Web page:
This system keeps Russia’s elites from pushing for change (unlike in the past, when those elites did attempt to initiate reforms), as it precludes the possibility of anti-Putin intrigue. And the regime does seem relatively stable, at least for now. Indeed, it has only gained strength since 2012, and now, with post-Crimea popular support having bought it some time, the regime is trying to adapt to the protracted economic, political, and social malaise Russia is facing.
Moving From Debt to Equity in China (Project Syndicate) Author Xiao Geng, Director of the IFF Institute, is a professor at the University of Hong Kong and a fellow at its Asia Global Institute. The author says the Chinese debt situation is not comparable to other high debt situations, such as the EU and the U.S., even though the aggregate numbers are nearly the same. This was pointed out by a recent HSBC report: The reasons for China’s rapid accumulation of debt, which is concentrated in the corporate and local-government sectors, suggest that the situation is not nearly as dangerous as many are making it out to be:
For starters, China has a very high saving rate – above 45% over the last decade, much higher than in the advanced economies – which enables it to sustain higher debt levels. Moreover, China’s banking system remains the primary channel for the deployment of the household sector’s savings, meaning that those savings fund corporate investment through bank lending, rather than equity financing (which accounts for only about 5% of net investment). Indeed, the sharp acceleration in the debt-to-GDP ratio is partly attributable to the relative underdevelopment of China’s capital market.
Once these factors are taken into account, China’s overall debt levels do not seem abnormally high. While debt might be a problem for Chinese companies with excess capacity and low productivity, companies in fast-growing, productive sectors and regions may not be in too much trouble. More generally, China has made recent progress in boosting labor productivity, encouraging technological innovation, and improving service quality in key urban areas, despite severe financial repression and inadequate access to funding by small and medium-size private enterprises.
A once-unified network of Italian mobsters, street gangs, bikers, and corrupt city officials has decayed and crumbled in the last decade. Violence has flared as a result, and the stack of bodies is growing higher.
Other Scientific, Health, Political, Economics and Business Items of Note - plus Miscellanea
How to discover the most scenic National Trails in the US (Easyvoyage, MSN) The US is preparing once again to celebrate its scenic routes and challenging footpaths. To celebrate National Trails day this June 4, many of the routes' caretakers have organized hikes and projects in states across the country. The American Hiking Society held its first trails day in 1993 and now draws over 175,000 participants across all 50 states to hike and maintain the famous routes. From the well-known ways of the Appalachian Trail to the winding bridges of the Florida Trail, the routes are designed to showcase the very best of America's natural areas. You may have heard of many of the national trails but probably not all. The longest of the 11 officially authorized trails is one of the lesser known, the 4,600 mile North Country Trail, from Crown Point in New York to Lake Sakakawea State Park in North Dakota. Along the way here is one the areas traversed:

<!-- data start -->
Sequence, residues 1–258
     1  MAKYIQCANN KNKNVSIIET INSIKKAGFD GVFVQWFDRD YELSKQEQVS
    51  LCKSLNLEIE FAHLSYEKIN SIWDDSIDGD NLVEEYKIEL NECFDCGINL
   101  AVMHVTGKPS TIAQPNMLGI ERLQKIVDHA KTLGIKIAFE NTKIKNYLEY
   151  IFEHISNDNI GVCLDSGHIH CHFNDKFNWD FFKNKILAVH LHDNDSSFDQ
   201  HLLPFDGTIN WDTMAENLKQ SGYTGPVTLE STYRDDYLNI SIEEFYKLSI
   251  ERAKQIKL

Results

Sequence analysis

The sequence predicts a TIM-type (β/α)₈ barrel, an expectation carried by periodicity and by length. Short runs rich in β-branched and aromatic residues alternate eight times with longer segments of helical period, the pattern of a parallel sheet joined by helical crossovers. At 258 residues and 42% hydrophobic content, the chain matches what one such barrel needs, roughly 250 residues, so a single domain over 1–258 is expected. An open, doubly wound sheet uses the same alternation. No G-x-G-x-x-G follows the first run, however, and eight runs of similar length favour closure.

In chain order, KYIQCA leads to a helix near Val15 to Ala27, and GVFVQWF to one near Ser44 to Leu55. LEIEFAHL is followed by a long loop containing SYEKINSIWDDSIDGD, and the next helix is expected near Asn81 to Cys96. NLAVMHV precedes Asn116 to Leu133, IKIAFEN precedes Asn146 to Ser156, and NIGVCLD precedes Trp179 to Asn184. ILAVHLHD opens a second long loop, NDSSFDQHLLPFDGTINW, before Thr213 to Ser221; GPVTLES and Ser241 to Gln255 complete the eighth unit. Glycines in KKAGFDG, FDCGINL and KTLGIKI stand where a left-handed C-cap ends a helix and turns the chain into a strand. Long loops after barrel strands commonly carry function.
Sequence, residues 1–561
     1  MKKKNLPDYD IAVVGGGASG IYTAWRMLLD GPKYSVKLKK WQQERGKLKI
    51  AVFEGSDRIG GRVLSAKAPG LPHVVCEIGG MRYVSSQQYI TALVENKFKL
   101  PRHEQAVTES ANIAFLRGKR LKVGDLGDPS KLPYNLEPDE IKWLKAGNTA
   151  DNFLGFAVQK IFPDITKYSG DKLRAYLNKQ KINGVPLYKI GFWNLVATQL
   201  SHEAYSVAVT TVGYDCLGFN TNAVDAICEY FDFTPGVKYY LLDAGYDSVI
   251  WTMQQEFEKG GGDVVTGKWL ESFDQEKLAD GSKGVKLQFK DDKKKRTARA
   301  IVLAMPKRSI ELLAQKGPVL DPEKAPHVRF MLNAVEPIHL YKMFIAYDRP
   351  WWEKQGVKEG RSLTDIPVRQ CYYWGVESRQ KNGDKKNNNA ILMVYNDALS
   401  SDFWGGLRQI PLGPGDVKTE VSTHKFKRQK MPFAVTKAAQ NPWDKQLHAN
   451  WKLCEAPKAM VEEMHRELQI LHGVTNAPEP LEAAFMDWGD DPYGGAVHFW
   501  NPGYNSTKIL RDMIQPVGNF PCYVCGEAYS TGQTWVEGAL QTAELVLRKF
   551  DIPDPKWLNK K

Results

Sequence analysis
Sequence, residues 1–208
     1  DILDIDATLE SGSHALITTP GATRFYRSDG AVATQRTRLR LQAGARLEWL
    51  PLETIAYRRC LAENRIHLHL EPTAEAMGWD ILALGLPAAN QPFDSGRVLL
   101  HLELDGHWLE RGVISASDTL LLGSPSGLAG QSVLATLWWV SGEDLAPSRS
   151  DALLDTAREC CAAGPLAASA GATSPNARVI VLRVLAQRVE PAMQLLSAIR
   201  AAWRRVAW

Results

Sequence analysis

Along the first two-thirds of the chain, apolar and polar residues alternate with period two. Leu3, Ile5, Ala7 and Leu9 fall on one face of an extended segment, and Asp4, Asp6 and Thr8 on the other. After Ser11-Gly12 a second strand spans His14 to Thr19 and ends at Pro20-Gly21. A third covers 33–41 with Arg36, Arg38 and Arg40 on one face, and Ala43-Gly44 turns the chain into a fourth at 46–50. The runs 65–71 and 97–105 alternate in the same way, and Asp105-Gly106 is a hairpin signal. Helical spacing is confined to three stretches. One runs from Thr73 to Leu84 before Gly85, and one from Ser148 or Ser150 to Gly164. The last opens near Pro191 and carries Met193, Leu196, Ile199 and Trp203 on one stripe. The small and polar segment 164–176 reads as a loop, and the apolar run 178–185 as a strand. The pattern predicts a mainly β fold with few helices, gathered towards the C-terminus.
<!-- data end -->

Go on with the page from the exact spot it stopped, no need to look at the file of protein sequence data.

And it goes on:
The Economist Has No Clothes (Scientific American) This early 2008 article dissects the scientific formulation of 19th century economics. Here is the introduction:
The 19th-century creators of neoclassical economics—the theory that now serves as the basis for coordinating activities in the global market system—are credited with transforming their field into a scientific discipline. But what is not widely known is that these now legendary economists—William Stanley Jevons, Léon Walras, Maria Edgeworth and Vilfredo Pareto—developed their theories by adapting equations from 19th-century physics that eventually became obsolete. Unfortunately, it is clear that neoclassical economics has also become outdated. The theory is based on unscientific assumptions that are hindering the implementation of viable economic solutions for global warming and other menacing environmental problems.
How Economists Killed Your Conscience (Evonomics) Economic models based on personal financial incentives only are missing much of the potential of mankind to build a better world, according to this author. Here is an excerpt from this article:
Over the past half-century, behavioral scientists have devised an ingenious parade of experiments to test what real people do when placed in situations where their material interests conflict with the interests of others. “Social dilemmas,” “ultimatum games,” “dictator games,” and “trust games” all test what human subjects actually do in various situations where they must choose between selfishness and prosociality. The results of such experiments demonstrate beyond reasonable dispute that, far from being rare, unselfish prosocial behavior is endemic. Researchers around the globe have run hundreds and perhaps thousands of experimental studies that consistently demonstrate that unselfish prosocial behavior is a real and very common phenomenon. Sometimes—in fact quite often—we sacrifice our own material payoffs in order to help or to avoid harming other people.
Similar circumstances produced bear markets. Is this time different?
Industrial Production peaks
Wilshire 10 month moving average cross 20 month average 6-10 months later
4th highest valuation period on record